I have a confession. I have a history of self-sabotage.
I have a testimony. In spite of my unconscious attempts at self-sabotage, I am still actively founded and growing in greatness.
Now, how many of you can readily admit that you have, in some way, hindered your own journey toward a greater end? As referenced above, it is not always obvious that we do or have done this. It’s often hidden from our consciousness: sometimes disguised as succumbing to overwhelm; simply making a clear-minded choice that is the contrary to what we should be doing (and we know it); or (as has often been the case for me) using a real life situation, responsibility or commitment as the reason why you can’t take productive steps toward your greatness and fulfillment at a particular point in time. (Am I stepping on your toes yet?)
Let me give you an example of the latter: When pursuing my bachelors degree, I used that as the excuse that I didn’t have time to write. Now true, pursing a degree part-time when you are a full-time employee and single parent is quite the undertaking. Yet, I had time to veg out on TV and to hang out with friends and to spend recall-able time doing nothing. I made time for what I wanted to do and, frankly, I should have wanted to write. I didn’t have to write a book in 30 days (which was the enormity that I saw and had stopped me from pursuit) . . . I just should have written something. Pieces here or there. Thoughts. Something. But I didn’t. Self-sabotage in the way of dream killing.
You need more examples? I can absolutely supply. But the question is: Why do we do this? One reason could be that we are intimidated by the enormity or greatness of the work and the outcome. That such will take us too far outside of our comfort zone and force us to elevate our own standards and expectations.
The beauty here is . . . you can change this and achieve balance. The prerequisite of this change is to first identify and acknowledge the ways that you have self-sabotaged or hindered the attainment of your dreams in the past and, possibly, even now. Then take these few steps to try and turn it around:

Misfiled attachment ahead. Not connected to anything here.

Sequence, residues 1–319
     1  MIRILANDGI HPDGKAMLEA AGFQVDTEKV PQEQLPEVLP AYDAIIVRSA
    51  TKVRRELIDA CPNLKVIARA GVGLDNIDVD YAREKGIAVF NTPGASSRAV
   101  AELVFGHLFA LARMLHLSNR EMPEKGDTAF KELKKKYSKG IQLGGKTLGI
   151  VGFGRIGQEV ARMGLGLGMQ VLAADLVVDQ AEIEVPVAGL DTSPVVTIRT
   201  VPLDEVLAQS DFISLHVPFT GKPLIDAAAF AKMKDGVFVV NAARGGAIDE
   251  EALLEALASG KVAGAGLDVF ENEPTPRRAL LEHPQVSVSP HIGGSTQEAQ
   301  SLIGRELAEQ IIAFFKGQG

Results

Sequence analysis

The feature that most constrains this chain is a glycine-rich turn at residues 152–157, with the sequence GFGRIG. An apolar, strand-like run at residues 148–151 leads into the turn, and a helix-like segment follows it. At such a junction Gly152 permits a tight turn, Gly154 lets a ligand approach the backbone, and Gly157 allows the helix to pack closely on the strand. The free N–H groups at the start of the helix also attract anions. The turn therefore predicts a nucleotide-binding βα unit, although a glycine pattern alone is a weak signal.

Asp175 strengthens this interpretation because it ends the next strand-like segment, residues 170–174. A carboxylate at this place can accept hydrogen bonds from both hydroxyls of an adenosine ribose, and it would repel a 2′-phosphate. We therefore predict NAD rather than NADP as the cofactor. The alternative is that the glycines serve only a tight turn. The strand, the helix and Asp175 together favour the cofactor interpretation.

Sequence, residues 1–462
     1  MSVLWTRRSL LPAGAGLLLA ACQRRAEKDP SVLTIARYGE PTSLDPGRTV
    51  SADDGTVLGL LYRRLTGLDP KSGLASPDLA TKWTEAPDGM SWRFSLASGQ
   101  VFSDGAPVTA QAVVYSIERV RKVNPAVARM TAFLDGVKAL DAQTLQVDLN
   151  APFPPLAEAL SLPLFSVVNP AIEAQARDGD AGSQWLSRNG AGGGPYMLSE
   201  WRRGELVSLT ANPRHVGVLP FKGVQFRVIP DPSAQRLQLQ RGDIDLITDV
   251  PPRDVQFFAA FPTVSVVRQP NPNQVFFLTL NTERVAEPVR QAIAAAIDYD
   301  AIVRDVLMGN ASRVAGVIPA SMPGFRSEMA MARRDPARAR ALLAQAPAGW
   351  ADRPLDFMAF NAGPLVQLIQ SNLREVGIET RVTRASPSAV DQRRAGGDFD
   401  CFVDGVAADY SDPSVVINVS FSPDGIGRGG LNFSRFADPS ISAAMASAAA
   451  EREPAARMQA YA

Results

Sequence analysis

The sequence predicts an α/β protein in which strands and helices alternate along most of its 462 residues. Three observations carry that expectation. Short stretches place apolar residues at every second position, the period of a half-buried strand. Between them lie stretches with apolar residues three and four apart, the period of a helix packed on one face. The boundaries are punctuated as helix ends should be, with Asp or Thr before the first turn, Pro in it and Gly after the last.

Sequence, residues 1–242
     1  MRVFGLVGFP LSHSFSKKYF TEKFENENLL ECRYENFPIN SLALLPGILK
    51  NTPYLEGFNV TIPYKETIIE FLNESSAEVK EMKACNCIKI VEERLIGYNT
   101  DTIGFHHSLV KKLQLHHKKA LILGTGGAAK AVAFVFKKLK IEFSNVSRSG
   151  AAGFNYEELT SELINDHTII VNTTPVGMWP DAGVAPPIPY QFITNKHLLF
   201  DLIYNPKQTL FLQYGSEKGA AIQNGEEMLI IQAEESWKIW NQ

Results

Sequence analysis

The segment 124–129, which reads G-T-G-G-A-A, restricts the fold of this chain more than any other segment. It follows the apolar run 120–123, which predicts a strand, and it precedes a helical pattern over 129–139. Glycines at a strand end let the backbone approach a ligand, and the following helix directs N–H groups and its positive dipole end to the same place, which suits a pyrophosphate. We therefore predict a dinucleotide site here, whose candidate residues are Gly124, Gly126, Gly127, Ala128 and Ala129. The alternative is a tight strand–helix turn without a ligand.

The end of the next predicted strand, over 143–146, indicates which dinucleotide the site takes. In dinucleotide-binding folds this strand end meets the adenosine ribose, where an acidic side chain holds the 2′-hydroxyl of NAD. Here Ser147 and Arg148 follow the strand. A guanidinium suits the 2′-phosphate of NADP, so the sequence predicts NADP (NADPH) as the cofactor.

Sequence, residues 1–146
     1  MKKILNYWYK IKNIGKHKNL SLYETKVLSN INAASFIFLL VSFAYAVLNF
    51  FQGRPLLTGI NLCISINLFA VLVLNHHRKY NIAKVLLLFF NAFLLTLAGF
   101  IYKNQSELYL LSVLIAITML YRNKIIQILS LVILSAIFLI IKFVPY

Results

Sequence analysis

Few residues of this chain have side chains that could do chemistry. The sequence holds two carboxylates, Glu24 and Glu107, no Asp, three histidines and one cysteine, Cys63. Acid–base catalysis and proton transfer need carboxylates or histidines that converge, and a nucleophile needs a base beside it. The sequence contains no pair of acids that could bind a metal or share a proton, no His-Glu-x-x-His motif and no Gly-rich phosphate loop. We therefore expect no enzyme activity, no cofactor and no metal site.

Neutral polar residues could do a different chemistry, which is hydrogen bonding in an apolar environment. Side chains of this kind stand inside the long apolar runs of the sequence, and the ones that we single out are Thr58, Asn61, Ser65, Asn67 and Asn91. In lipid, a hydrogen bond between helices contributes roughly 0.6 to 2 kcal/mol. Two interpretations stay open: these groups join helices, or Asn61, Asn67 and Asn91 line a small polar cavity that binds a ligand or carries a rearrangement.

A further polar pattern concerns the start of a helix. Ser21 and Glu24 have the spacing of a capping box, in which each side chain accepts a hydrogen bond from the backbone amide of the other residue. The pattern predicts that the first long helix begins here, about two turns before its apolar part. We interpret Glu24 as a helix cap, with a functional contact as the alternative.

1. List your priorities, responsibilities and commitments: Include everything that is to sustain your life as you know it and to build toward the life that you aspire to have.
2. Identify your action items as they pertain to the list above: Know what you must do to address everything. Drill it down in detail as far as you’d like, but the key is to end up with doable (not overwhelming) tasks.
3. Manage your time: Consider the actions toward fulfilling your dream as “me time” . . . because it is.
4. Keep a watchful eye on relapse: Pay close attention because relapse is normal and can be frequent. (I relapsed just this past weekend. I had planned to write but purposely did laundry, studied and “relaxed” instead.) If you stumble, don’t kick yourself while you are down. Simply catch yourself and try again.
Greatness and the tools with which to achieve that greatness (and fulfillment of purpose and joy) was placed on the inside of you to access and apply. Don’t fear it, that defeats the purpose. Embrace it and know that you can handle it.
Before I go, here is one homework exercise I want to assign to you. When I was a little girl, my father used to tell me to always say “I am a great one” when I look into the mirror. Of course, I didn’t understand it then. It was just a fun and funny thing I would do with my dad. But now, it resonates with my purpose like never before. So, each morning when you look in the mirror, tell yourself “I am a great one” and add to that any other affirmations that you need to fuel that greatness. Then . . . believe it. Dream free or die . . .